Where on the income scale does Mr. Obama divide the country between us and them?
Barack Obama may be the most embittered American president any of us has experienced. Read the text of that Labor Day speech he gave in Milwaukee.
“Anyone who thinks we can move this economy forward with a few doing well at the top, hoping it’ll trickle down to working folks running faster and faster just to keep up—they just haven’t studied our history.”
One may argue that Mr. Obama’s community-organizer attacks on the wealthy in front of a union crowd (delivered with the tone and syntax of bar-stool resentment) are meant to keep the party’s perpetually angry left-wing base agitated enough to vote in November. But since the earliest days of his presidency, starting with his first economic message, Mr. Obama has harped on the idea that “well-off and well-connected” economic factions in the U.S. have done something explicit to shaft the middle class. Yesterday’s Cleveland speech was more of the same.
One month it’s insurance companies, the next it’s the bankers, or merely “the special interests.” One wonders where exactly along the American income scale Mr. Obama divides the country between us and them? My guess is the castle walls begin with anyone living in the lower end of what qualifies as an upper-middle class suburb.
From Milwaukee: “To steal a line from our old friend, Ted Kennedy, what is it about working men and women that they [Republicans] find so offensive?” Barack Obama’s approval numbers are plummeting because a lot of people who rose from modest backgrounds, Republican and Democrat, find that remark offensive and gratuitous. Surely some of the people around Mr. Obama in the White House know how insulting this stuff is, but either they can’t do anything about the president’s compulsions or have signed on.
What’s odd (as always) in an Obama speech is that even as he is launching salvos at an overclass scheming to “cut working class folks like you loose to fend for yourselves,” his remarks touch some truths. He identifies exactly what his audience needs to climb out of their rut: “An education that’ll give our kids a better life than we had. These are simple ideas. American ideas.”
No idea in the literature of economics or social science the past 15 years has received more elevation than the relationship in a modern economy between educational attainment and income. Whose fault is it that public schools in blue-collar districts ill-prepare so many working-class “graduates” to get and hold modern jobs? Did Wall Street ruin the schools, too?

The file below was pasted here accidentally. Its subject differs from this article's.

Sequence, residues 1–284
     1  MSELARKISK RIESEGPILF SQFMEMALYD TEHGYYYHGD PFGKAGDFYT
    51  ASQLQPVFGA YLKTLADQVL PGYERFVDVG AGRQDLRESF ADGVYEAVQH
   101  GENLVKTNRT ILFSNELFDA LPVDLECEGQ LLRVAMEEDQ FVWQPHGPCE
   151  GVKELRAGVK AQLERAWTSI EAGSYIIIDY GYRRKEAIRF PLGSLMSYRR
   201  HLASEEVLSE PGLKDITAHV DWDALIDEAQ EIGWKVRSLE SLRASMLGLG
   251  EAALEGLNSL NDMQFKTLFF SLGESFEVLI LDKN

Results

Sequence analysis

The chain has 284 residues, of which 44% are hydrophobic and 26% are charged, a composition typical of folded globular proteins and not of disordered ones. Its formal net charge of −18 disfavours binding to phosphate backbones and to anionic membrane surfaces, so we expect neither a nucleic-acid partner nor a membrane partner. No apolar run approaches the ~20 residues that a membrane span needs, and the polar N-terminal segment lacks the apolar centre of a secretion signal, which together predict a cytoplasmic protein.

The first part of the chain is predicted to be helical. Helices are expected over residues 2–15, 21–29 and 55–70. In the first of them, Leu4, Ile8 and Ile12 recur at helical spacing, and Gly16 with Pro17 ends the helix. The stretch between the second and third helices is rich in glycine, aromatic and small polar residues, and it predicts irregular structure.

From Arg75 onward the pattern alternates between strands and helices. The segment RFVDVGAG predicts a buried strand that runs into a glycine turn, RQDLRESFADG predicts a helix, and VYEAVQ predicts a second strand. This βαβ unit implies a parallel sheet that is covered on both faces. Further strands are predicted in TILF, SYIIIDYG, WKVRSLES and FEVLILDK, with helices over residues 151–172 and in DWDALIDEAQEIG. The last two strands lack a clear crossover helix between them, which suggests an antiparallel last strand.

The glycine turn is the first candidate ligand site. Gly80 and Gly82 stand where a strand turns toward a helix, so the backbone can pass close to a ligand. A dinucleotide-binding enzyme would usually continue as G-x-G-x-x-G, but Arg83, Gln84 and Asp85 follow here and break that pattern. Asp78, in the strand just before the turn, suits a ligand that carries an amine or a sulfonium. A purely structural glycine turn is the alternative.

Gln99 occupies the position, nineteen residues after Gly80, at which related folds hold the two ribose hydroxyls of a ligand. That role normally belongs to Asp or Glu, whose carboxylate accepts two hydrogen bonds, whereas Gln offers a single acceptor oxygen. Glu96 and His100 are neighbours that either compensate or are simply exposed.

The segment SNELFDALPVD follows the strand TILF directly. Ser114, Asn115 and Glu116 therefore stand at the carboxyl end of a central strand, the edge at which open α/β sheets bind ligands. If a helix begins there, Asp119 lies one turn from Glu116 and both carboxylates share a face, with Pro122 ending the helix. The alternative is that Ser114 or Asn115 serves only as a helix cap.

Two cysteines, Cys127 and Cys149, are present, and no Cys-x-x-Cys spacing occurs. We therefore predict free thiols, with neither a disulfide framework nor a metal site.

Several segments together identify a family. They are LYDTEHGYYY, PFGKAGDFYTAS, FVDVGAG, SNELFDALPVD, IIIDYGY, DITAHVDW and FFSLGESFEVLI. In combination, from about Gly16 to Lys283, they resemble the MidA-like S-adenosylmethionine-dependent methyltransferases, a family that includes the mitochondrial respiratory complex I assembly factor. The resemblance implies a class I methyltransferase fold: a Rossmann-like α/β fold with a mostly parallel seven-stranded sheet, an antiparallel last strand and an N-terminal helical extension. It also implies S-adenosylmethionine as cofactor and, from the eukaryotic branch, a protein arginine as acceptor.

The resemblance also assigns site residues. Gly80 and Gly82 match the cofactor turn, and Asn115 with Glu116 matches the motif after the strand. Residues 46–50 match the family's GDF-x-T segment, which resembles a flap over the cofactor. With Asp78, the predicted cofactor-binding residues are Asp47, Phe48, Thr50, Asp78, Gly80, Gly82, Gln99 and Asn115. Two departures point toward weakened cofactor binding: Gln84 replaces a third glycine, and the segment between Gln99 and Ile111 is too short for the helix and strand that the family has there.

For years business leaders have begged the public sector to upgrade the skill sets coming out of the schools. Before the recession, I recall a piece in the Cleveland Plain Dealer about a Great Lakes tugboat maker who said he couldn’t find people with the smarts to do the high-level welding his boats demanded. Our economy has been free-riding on corporate training programs for years and may discover post-recession that the real unemployment rate sticks at just below 9%, as in Europe.
In his Milwaukee speech, Mr. Obama conflates “the middle class” with “the working class.” They’re not the same anymore. In an important piece in the Journal last Friday, “The Generation That Can’t Move On Up,” Andrew Cherlin and Brad Wilcox described how many working-class men and women are disconnecting from the basic values and moorings of middle-class life: “They’re becoming socially disengaged, floating away from the college-educated middle-class.” They marry less, go to church less, and lose interest in being part of civic life.
“These working-class couples still value marriage highly,” note Messrs. Cherlin and Wilcox, “but they don’t think they have what it takes to make a marriage work.” So they downshift to co-habitation, changing partners and dragging their confused children with them.
Messrs. Cherlin and Wilcox end with a good question: “Will their social disengagement leave them vulnerable to political appeals based on anger and fear?”
Barack Obama’s Labor Day speech in Milwaukee pumped out more angry, class-based political demagoguery than the nation needs now and more than this president’s independent supporters expected of him.
Aspects of Mr. Obama’s early agenda for education as the answer to the income gap were hopeful, but that is being backed out by his deeper class-justice obsessions. So much of what the president has done so far looks as if he believes the primary solution to the inexorable global economic pressures on the U.S. is to simply engineer a massive wealth transfer downward.
Even if you believed in this as justice, how can it possibly be sustained for the next 25 years absent a revolutionary overhaul of the education system? He’s essentially proposing a permanent blue-collar welfare plantation.
To be clear: The anxieties Mr. Obama is describing are real. But not everyone can spend 40 years pouring concrete or driving a city bus. Eventually, instead of a president ranting constantly about “greed and recklessness,” we’re going to need a national leader willing to spend his time in office getting everyone, from top to bottom, believing they are on the same national team.
Daniel Henninger, Wall Street Journal